During the Indian Wars of the late1800s, two military posts were built a few miles apart near the strategic Bozeman Trail crossing of the Powder River—Fort Reno in the 1860s and Cantonment Reno in the 1870s. Informative historical markers mark the spots today, and the windswept landscape around them has changed little in the last 160 years.
In 1863, John Bozeman and others blazed The Bozeman Trail through the Powder River Basin across prized hunting lands of the Cheyenne, Lakota Sioux and Arapaho Indian tribes to the gold fields of Montana Territory
After troops massacred 150 Cheyenne and Arapaho people late in 1864 on Sand Creek in southeastern Colorado Territory, the survivors fled north 500 miles or more to the buffalo country in the Powder River Basin of present northeastern Wyoming, attacking settlements and Army posts along the way.
These events set the stage for a large, three-pronged expedition into the basin under Brig. Gen. Patrick E. Connor in the summer of 1865. His troops built Fort Connor at the Bozeman Trail crossing of the Powder River. Despite their attack on an Arapaho village near present-day Ranchester, Wyo., the expedition was largely unsuccessful, and the name of the fort was soon changed to Fort Reno.
Tensions continued. In 1866, Col. Henry B. Carrington and 700 troops were ordered to build more forts and protect the trail. Under the leadership of Oglala Sioux Chief Red Cloud, the tribes resisted, attacking troops and Bozeman Trail travelers in what came to be known as Red Cloud’s War.
Carrington’s troops enlarged Fort Reno and added a sawn-log stockade and corner bastions. They also built two new forts: Fort Phil Kearny, 60 miles farther north near present Story, Wyo., and Fort C. F. Smith on the Bighorn River in southern Montana Territory.
Indians never attacked Fort Reno. It was abandoned under the terms of the 1868 Fort Laramie treaty, and the tribes burned it. Only shallow depressions in the ground remain today.
Cantonment Reno was a supply base established by Gen. George Crook in 1876, the year he led three different expeditions into the Powder River Basin as part of the Army’s attempts to force remaining free-roaming Sioux and Cheyenne bands onto reservations. In September, Crook established Cantonment Reno, a supply base about four miles south and upriver from the site of the old Fort Reno. From here, troops attacked a Cheyenne village under the ledership of Dull Knife on the headwaters of Powder River, destroying most of the Indians’ possessions and driving them off into the mountains and winter snows.
In that fight, Lt. John A. McKinney was killed. During this engagement, Cantonment Reno provided logistical support for the army as well as rudimentary care for those wounded in battle.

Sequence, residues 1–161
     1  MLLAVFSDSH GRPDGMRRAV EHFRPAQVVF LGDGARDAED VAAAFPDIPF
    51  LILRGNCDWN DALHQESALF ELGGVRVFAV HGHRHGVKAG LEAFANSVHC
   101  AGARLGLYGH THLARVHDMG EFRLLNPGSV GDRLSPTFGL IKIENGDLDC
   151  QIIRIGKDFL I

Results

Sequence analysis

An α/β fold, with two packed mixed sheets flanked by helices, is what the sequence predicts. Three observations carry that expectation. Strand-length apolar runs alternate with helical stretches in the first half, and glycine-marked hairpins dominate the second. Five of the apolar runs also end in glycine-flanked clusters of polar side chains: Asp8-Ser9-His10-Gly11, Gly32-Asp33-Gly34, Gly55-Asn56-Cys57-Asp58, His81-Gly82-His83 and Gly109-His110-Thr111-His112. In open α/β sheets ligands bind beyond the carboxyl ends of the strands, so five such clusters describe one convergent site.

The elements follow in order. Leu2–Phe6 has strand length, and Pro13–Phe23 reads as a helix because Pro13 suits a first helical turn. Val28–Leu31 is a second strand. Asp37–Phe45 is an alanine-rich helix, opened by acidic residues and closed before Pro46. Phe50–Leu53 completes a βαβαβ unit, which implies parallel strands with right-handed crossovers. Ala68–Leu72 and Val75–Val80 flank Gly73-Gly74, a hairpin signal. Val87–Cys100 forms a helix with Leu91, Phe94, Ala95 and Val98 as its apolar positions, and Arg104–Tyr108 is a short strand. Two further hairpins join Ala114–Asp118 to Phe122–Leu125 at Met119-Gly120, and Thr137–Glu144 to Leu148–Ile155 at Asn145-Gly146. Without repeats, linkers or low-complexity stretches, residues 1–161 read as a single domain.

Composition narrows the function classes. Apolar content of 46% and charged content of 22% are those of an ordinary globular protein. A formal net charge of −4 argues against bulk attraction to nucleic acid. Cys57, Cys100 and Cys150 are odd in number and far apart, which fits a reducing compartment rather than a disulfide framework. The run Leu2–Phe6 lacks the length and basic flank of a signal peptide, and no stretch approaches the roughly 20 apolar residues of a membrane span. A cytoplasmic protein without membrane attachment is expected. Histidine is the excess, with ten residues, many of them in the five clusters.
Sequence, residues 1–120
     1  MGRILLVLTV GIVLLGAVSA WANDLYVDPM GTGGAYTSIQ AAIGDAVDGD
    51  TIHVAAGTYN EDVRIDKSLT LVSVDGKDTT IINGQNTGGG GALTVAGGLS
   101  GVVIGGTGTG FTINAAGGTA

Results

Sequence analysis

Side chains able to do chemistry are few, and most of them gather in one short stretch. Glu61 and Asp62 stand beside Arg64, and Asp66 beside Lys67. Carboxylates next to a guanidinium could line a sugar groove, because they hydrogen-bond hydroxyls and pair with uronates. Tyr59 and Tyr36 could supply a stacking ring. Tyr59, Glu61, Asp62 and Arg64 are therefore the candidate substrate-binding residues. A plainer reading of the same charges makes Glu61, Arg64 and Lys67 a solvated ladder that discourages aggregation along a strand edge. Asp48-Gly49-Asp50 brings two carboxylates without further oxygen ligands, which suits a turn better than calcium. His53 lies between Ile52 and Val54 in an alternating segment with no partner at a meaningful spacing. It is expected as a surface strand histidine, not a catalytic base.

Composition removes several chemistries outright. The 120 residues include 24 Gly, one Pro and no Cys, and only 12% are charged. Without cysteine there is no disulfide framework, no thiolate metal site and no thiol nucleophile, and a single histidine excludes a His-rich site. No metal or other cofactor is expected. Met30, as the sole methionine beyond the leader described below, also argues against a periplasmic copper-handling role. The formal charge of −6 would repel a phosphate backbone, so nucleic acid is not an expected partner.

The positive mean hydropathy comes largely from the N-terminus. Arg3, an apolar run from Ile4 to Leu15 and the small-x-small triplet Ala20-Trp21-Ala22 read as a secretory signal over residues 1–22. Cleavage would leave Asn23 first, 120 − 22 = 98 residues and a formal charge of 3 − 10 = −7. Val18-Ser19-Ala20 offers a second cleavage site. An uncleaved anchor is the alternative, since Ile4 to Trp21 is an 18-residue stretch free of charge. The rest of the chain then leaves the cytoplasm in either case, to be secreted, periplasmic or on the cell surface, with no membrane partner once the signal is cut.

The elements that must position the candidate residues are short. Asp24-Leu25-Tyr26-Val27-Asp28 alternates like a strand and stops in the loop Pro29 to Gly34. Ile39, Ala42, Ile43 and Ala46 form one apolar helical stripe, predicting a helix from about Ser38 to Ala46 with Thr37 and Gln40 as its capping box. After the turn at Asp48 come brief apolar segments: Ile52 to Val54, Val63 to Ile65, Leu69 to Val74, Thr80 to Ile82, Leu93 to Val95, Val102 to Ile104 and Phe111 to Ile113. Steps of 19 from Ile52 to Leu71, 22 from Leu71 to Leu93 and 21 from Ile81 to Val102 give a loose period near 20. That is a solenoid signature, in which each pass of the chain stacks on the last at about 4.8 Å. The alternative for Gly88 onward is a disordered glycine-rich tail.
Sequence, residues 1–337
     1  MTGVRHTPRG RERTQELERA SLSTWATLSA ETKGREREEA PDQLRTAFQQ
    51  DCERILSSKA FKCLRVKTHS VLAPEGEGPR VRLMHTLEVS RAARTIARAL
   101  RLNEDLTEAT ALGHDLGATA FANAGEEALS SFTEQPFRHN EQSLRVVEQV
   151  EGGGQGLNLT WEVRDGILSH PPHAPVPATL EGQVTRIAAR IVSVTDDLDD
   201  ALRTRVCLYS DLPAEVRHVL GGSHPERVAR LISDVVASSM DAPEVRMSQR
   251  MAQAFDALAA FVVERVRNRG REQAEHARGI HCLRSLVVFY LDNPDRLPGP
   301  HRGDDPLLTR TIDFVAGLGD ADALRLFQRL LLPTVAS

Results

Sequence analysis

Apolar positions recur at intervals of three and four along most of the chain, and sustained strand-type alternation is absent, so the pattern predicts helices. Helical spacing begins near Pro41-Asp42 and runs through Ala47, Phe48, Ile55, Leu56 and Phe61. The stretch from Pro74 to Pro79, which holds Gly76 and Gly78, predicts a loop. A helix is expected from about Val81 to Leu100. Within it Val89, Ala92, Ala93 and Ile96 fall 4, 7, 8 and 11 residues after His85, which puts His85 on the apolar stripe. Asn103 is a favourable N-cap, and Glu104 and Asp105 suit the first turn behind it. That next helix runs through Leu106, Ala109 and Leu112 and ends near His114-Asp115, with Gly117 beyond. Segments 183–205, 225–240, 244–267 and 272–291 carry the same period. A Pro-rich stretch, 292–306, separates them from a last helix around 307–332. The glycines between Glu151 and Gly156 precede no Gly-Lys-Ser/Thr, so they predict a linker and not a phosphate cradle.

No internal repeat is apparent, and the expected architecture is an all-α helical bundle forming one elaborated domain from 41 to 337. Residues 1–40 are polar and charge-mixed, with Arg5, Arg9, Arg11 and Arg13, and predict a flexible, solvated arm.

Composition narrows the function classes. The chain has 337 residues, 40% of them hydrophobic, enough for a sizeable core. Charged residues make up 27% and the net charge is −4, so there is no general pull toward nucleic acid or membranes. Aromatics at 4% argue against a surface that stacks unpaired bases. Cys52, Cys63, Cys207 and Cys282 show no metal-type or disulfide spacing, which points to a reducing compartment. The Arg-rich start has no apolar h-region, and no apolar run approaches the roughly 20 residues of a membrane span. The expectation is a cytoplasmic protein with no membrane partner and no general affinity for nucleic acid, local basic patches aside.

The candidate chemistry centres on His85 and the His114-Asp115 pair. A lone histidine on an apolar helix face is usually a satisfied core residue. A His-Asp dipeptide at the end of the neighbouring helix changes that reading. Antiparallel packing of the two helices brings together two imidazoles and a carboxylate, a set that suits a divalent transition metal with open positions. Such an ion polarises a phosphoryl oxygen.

Shortly thereafter, Cantonment Reno was renamed Fort McKinney in honor of the fallen officer. By 1878, the simple outpost on the west bank of the Powder River lacked adequate supplies of lumber and water and was relocated to the Clear Fork of the Powder River near present-day Buffalo, Wyo. Shallow depressions remain in the earth where buildings once stood—the only vestiges of this former post—and serve as reminders of turbulent times on the Northern Plains more than a century ago.
Bollinger, Gil. Fort McKinney 1877-1894: A Wyoming Frontier Post. Buffalo, Wyo.: Jim Gatchell Memorial Museum Press, 2006.
Lori Van Pelt is the assistant editor of WyoHistory.org. She is an award-winning poet, fiction and nonfiction writer who has written books and numerous articles on Wyoming and the West. Her nonfiction books include Dreamers and Schemers: Profiles from Carbon County, Wyoming’s Past (Glendo, Wyo., High Plains Press, 1999); Capital Characters of Old Cheyenne (Glendo, Wyo.: High Plains Press, 2006) and Amelia Earhart: The Sky’s No Limit (New York: Forge Books, American Heroes series, 2006).
To visit the sites of Fort Reno and Cantonment Reno, take exit 254 off of Interstate 25 at Kaycee, Wyo.
Head east on Wyoming Highway 192 for 19 miles to the Sussex Road. Turn left—north—and follow the Sussex Road. The road will turn to dirt after a few miles. Follow the Sussex road 5.0 miles to the three historic-marker plaques, on the right side of the road, with more information about Cantonment Reno. From there, follow the road 4.0 more miles to a pullout on the left side of the road, with more plaques about Fort Reno.
Look for a stone monument about 150 yards to the east of the road, in the sagebrush. This marks the actual site of Fort Reno.
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